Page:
By Chris Elliott, Senior Economist (Mar. 18/16) Commercial foodservice sales fell to 4.2% growth in 2015 following a 5.5% increase in 2014. Overall annual foodservice sales surpassed $60 billion in 2015. The year was a mixed bag, with some provinces doing much better than others. Here’s how each of them fared:
1) Newfoundland & Labrador’s restaurant industry was the biggest winner in 2015. Not only did it post the strongest growth (8.1%), but it happened when the province’s economy was contracting. Most of the gains were by caterers, with the rest of the industry experiencing modest growth.
2) British Columbia. What can be said about a province that continues to post sizable gains year after year? Sales jumped by a healthy 6.7% in 2015 following a strong 8.2% increase in 2014. Growth is being driven by unit expansion, a growing population, and the wealth effect from rising housing prices.
3) Similarly, Ontario’s foodservice industry continues to grow, with sales expanding by 5.6% in 2015.
4) After years of sluggish gains and weak spending, New Brunswick’s foodservice industry rebounded in 2015. Pent-up consumer demand lifted total sales by 6.3%, the province’s strongest gain since 2008.
5) Prince Edward Island saw a solid rebound in spending (5.8%) in 2015. Over the past 16 years, sales in P.E.I. have averaged just 0.9% annually. Most of the gains in 2015 were at quick-service restaurants, which grew by a healthy 10% compared to just 2% growth at full-service restaurants. A strong tourism season due to a low Canadian dollar could lift full-service restaurant business in 2016.
6) Manitoba’s restaurant industry moderated to 4.3% growth in 2015 following several years of solid gains. While caterers posted double-digit gains, other segments struggled. Quick-service restaurants had their weakest year since 2007; full-service restaurants posted only modest gains; and sales at drinking places declined. Manitoba posted the third-strongest economic growth in the country, but it didn’t translate into a strong foodservice sales performance.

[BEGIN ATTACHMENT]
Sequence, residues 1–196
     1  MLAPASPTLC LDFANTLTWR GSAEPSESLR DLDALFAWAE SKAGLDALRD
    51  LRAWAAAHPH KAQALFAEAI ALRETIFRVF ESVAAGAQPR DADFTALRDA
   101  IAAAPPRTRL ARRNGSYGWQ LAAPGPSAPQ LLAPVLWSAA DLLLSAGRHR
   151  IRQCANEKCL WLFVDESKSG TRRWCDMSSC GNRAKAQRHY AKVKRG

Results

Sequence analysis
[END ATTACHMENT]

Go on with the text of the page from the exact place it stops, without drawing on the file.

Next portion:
7) Although foodservice sales in Nova Scotia rose by 4.7% in 2015, most of the increase was inflationary as menu prices increased by 4.1%, the highest increase in the country. (The national average was 2.8%.) As a result, real sales grew by just 0.6%.
8) The decline in commodity prices restrained annual foodservice sales in Saskatchewan to 2.9% growth in 2015. This compares to average annual growth of 6.5% over the previous eight years. The province’s economy should improve in 2016, which will help boost foodservice spending, especially at full-service restaurants.
9) Quebec’s restaurant industry stumbled for the third consecutive year in 2015 (1.6% growth) despite rising employment and higher disposable income. A decline in units and weak consumer spending led to flat sales at full-service restaurants and an 8.0% drop in spending at drinking places. While the economy is forecast to improve in 2016, foodservice sales in the long term will be restrained by an aging population.
10) It shouldn’t be a surprise that Alberta struggled the most in 2015. With the economy in recession and thousands of layoffs in the oil and gas sector, spending fell at full-service restaurants, caterers and drinking places. The one saving grace was quick-service restaurants, where sales rose by 5.4%. Nevertheless, total commercial foodservice sales rose by just 0.9% in 2015, the worst performance since 2009. While operators in Alberta may be happy to see the end of 2015, 2016 may not bring much relief as the economy continues to struggle.